"Carriers must initially convince end-users to use
their mobile phones for more than just voice, " says Barrabee.
"Over the past year carriers have increased awareness of text
messaging, and with broader interoperability they are expected to step
up their efforts even more."
But, SMS in the United States
will also face competition from corporate e-mail and mobile Instant
Messaging, she warns. Although the latter could also help drive SMS
usage since some IM services go through SMS servers, she
within Europe is a relative straightforward matter, with consumers only
having to remember to have input their country code in the relevant
settings section beforehand (many operators ask all new subscribers to
do that when they first sign up for service).
differs strongly, though, depending on how much customers use SMS.
British and Scandinavian users, for example, are likely among those that
also use SMS roaming most, since they are used to receiving and sending
frequent text messages.
Rather than technical hurdles, it
appears that prices are the main challenges facing SMS roaming, analysts
"If you're a client of Mobistar in Belgium that
has to roam using D2's [GPRS] network in Germany, the price for
using 10MB of data suddenly goes from 15 to 100 Euro," says John
Strand, president of Strand Consult and a leading international expert
Another example: Subscribers of Danish operator Sonofon
typically have to pay six kroner (approximately $0.71) for sending an
SMS from Spain (a popular resort destination for Danish tourists and
retirees) to Denmark, according to Strand.
consumer trap - and not much fun," he says.
technical hurdles in the United States, there has been some SMS roaming
between European and U.S. mobile phone users, industry officials and
analysts say. But it has been relatively limited and more a
marketing asset for operators, according to Longueuil. Barrabee
agrees. "While international SMS interoperability is on most of the
major carriers roadmaps, it has yet to be implemented on a wide
scale," she says.
However, the U.S. carriers are fully
aware of the potential of international SMS roaming, Barrabee points
out. "U.S. carriers recognize the potential revenue opportunities
in international inter-carrier SMS, particularly when looking at Europe
and Asia where SMS is extremely popular and volume levels are already
high," she says. "The carriers also recognize strong potential
opportunity for international SMS interoperability targeted at mobile
professionals and/or enterprise
most industry officials see MMS as ideally suited for 3G, the advanced
messaging service can also be used over 2.5G networks and even 2G
networks, some experts say.
"It's not really that key
[to have 3G]. MMS can travel over 2.5G," says
Tuman Johnsen agrees. "It works just fine on
GPRS," he says, referring to the 2.5G technology known as General
Packet Radio Service.
While SMS will see a strong growth in the
United States, MMS won't necessarily take off as much, analysts
"I am skeptical of people's desire to purchase
handset just because of its MMS capabilities," says Longueuil of
the U.S. market. He predicts MMS-capable devices will have a penetration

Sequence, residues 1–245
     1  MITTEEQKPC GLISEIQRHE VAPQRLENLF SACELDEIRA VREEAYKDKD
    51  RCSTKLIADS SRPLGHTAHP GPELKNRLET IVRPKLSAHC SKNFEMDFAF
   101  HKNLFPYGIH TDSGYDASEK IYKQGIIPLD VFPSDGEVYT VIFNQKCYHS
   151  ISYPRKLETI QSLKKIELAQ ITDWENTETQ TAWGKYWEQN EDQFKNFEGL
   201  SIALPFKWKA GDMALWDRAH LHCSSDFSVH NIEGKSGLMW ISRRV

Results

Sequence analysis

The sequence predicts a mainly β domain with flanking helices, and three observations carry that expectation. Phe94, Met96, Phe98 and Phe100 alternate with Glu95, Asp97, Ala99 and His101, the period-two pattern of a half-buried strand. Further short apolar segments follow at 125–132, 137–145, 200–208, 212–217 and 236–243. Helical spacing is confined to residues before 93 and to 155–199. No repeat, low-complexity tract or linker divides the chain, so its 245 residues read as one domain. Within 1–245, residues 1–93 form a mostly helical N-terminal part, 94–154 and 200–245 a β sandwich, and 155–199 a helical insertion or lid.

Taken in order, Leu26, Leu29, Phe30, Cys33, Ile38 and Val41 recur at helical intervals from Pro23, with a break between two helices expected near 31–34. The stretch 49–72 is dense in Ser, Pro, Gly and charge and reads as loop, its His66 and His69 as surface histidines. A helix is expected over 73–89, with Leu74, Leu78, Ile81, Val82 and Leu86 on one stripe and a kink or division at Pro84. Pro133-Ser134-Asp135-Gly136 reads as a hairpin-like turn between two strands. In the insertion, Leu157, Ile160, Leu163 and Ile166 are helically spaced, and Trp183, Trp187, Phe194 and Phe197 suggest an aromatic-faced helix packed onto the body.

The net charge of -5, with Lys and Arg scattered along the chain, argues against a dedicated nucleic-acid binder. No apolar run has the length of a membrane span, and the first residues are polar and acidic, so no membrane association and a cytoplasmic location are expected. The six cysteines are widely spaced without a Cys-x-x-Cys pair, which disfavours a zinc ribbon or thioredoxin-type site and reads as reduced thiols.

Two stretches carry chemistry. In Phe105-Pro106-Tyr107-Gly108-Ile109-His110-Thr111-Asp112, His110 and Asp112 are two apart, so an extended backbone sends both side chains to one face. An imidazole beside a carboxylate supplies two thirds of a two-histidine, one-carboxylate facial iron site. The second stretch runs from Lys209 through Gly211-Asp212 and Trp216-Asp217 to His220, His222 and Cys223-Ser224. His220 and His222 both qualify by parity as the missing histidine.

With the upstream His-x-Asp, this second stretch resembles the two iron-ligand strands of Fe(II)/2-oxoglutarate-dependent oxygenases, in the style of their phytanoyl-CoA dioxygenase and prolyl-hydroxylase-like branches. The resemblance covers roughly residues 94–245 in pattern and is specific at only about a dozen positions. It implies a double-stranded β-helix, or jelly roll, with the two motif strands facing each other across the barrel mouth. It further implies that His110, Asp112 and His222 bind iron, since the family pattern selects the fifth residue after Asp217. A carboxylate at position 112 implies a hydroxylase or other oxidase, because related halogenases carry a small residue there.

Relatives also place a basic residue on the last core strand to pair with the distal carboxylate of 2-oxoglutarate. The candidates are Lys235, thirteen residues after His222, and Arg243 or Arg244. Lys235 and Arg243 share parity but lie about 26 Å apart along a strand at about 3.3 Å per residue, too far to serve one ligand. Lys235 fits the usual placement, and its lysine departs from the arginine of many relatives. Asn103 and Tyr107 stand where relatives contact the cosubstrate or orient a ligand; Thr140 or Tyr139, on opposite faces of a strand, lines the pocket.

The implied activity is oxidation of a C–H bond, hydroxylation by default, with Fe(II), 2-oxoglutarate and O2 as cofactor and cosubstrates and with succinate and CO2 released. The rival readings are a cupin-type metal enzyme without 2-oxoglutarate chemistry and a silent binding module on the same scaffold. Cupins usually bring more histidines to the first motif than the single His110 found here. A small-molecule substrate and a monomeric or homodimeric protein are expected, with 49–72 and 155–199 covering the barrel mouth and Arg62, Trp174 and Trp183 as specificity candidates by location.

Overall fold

rate of only 4 percent in 2005.
Roaming may become a major
challenge for MMS, warns Berndt.
"There will be challenges
when subscribers roam outside of MMS coverage areas," he says.
"While they may still get some of the message, the potential
customer backlash could be significant if expectations are not managed
Some industry participants say copyright
protection will be key to getting sufficient content on
"We believe strongly in digital rights management,
which will benefit us, consumers and the content providers," says
Tuman Johnsen. "We'll be getting much more content if the
providers know they are protected."
Many operators may
decide to wait with extensive MMS offers until there is adequate digital
rights solutions in place, says Strand.
And, as with
SMS-roaming, prices may become a significant challenge for MMS, he
warns. "The biggest problem will be prices," Strand says.
"They [the operators] don't have a clue about what to
Both industry officials and analysts expect MMS to
take off in Europe sometime next year. Nokia's CEO Jorma Ollila has
predicted that more than half of the phones sold by the Finnish giant
this year will be MMS-enabled, but other factors such as networks and
content have to be in place for full uptake, analysts say.
even MMS-enabled terminals won't be enough, says Strand. "The
first low-end terminals coming to market are monochrome, which I believe
is a mistake. MMS requires color-screens to get that 'Wow'
Despite all the hurdles, MMS should see
significant success, experts say. "MMS is more fun and more
exciting than SMS," says Strand.
Tuman Johnsen agrees.
While doubting that MMS will reach the same level of success as SMS in a
while, he sees it as a clear complement to SMS for both consumers and
content providers. "Only the imagination will set the limit for
what we'll see on MMS," he
Joachim Bamrud is an award-winning journalist with 17 years
experience as a writer and editor in the United States, Europe and
Latin America. Bamrud has worked for various print, broadcast and
online media, including Latin Trade, Reuters and UPI.